If there is one tragedy to award seasons (and I understand there are multitudes of tragedies) it’s that sometimes truly wonderful performances, award worthy performances, get over looked and fall through the cracks, the failure to garner any nominations let alone even one statue. It may take time to come up with a list but there is one performance that pushes to the forefront of my mind when this topic is brought up, and that is Dennis Quaid in the often panned Wyatt Earp.
The film itself has been criticized from it’s release on even by some of it’s stars, I think of Michael Madsen in particular. It is long and can be dry at times and isn’t Kevin Costner’s strongest performance but none the less it has several high points. Two that come immediately to mind are the performances of Gene Hackman and Dennis Quaid. Part of the criticisms of Wyatt Earp is it’s release timing. It was released 6 months after the very popular and highly praised film, based on roughly the same subject, Tombstone. Tombstone also turned in a magnificent performance from Val Kilmer, who played the same role as Dennis Quaid, the infamous, Doc Holliday.
I could write all day about the differences between the Wyatt Earp and Tombstone films but the focus here is on Dennis Quaid’s portrayal of Doc Holliday, one of the most notorious gunfighter’s in the old west.
Doc was well know for a few things. First was his name, John Holliday was given the name Doc, because he was, in actuality a dentist before a famed gunfighter. After Doc contracted tuberculosis he turned to the outlaw life as a way to thumb his nose at his illness and God whom he blamed for his illness. Being the most famous old west figure to hail from great state of Georgia, there is a special place in Dixie’s heart for Doc. There are museums and monuments to Doc in his hometown of Griffin, Georgia.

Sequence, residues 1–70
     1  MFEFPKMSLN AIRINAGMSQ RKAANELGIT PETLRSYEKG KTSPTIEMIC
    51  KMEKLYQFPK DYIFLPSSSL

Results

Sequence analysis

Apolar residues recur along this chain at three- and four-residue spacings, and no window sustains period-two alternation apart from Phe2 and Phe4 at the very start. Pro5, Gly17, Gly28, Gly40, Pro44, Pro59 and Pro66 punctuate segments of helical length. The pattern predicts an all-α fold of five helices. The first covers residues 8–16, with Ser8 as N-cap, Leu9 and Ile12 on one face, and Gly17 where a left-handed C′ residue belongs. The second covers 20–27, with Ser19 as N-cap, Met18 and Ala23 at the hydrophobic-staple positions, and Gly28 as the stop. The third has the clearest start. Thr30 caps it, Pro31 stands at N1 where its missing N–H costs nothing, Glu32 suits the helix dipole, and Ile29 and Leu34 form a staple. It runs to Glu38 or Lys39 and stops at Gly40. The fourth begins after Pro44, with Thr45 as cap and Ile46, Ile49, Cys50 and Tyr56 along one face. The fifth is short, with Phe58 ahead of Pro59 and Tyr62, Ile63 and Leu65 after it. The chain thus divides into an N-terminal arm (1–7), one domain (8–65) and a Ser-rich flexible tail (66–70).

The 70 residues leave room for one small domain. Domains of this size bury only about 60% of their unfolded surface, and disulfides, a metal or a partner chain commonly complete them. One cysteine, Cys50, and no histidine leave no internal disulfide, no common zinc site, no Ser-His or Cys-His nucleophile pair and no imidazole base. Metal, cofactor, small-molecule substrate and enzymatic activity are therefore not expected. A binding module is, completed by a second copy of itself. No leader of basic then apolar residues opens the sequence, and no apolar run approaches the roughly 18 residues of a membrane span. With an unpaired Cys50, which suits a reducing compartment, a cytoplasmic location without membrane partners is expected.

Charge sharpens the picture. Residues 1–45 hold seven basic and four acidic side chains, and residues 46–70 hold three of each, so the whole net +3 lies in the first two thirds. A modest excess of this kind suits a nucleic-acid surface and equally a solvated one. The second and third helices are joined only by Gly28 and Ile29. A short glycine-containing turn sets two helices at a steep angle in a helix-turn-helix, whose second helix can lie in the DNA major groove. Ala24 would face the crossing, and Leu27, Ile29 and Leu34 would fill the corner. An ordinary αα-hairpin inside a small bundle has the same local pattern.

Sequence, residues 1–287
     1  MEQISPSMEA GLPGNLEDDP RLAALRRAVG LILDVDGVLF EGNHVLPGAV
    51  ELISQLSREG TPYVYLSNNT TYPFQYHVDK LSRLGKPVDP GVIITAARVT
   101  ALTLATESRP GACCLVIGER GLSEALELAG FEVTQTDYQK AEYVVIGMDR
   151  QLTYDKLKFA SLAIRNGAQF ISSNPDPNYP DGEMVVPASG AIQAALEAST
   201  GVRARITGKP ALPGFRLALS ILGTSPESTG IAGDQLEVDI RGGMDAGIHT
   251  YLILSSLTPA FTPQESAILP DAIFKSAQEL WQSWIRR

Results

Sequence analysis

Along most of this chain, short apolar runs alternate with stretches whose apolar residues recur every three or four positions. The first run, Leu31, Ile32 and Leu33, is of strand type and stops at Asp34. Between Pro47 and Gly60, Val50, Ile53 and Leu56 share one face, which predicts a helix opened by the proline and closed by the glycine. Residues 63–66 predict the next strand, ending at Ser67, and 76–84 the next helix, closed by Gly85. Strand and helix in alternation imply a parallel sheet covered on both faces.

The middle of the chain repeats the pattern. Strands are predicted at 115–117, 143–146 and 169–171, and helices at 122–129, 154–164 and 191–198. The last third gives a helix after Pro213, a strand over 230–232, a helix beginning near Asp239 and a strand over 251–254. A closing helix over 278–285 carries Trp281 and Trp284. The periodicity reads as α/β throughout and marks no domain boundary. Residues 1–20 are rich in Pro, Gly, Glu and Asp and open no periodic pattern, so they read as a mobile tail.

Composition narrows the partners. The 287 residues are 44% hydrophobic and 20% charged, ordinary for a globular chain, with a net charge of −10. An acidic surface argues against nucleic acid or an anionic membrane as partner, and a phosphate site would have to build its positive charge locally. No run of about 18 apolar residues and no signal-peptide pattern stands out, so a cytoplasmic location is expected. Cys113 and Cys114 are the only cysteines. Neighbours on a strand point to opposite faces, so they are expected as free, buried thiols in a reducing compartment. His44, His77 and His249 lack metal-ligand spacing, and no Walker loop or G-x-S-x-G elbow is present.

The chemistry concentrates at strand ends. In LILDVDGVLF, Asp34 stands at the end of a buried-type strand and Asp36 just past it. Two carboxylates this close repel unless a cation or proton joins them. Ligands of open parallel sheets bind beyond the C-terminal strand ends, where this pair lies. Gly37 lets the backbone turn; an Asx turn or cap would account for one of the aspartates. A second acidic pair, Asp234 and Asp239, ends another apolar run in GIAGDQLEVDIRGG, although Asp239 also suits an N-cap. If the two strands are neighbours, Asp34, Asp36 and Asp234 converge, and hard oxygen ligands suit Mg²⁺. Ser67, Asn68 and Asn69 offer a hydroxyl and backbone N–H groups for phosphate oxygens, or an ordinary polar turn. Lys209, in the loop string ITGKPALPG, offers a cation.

The factors that lead me to feel the way I do about Quaid’s role in the film are several but I will only examine a few. My goal is not to compare it to the favored Val Kilmer performance because I feel that would be unfair to Quaid.
First is the effort that Quaid put into this role. A normally thick well built man, Quaid lost over 30 pounds to play the dying and sickened gunfighter. With a gaunt look and spot on Georgian accent (I would know I heard it growing up), Quaid almost doesn’t eve look like himself, rather his is a shell of a man, almost as if he had tuberculosis. Quaid became someone different and looked and sounded more different than ever, he had become Doc.
My next thought lies within his performance and compared to historical recored, Quaid captured the ornery disposition that Holliday possessed. With a strong opinion and easy ability to offend, Doc truly on made one friend late in his short life and that was Wyatt Earp. The scenes in the film between Wyatt and Doc are what makes the film worth the entire experience. Costner and Quaid played against and with each other so naturally you are overcome with the thought that it truly was Doc and Wyatt. This has very little to do with Costner’s acting and everything to do with his trust and faith in Quaid to carry each scene.
Quaid will never get an award for his role of Doc Holliday despite whether or not he deserved one but from this fan’s viewpoint, it wouldn’t have hurt or been out of line to give recognition where recognition was due.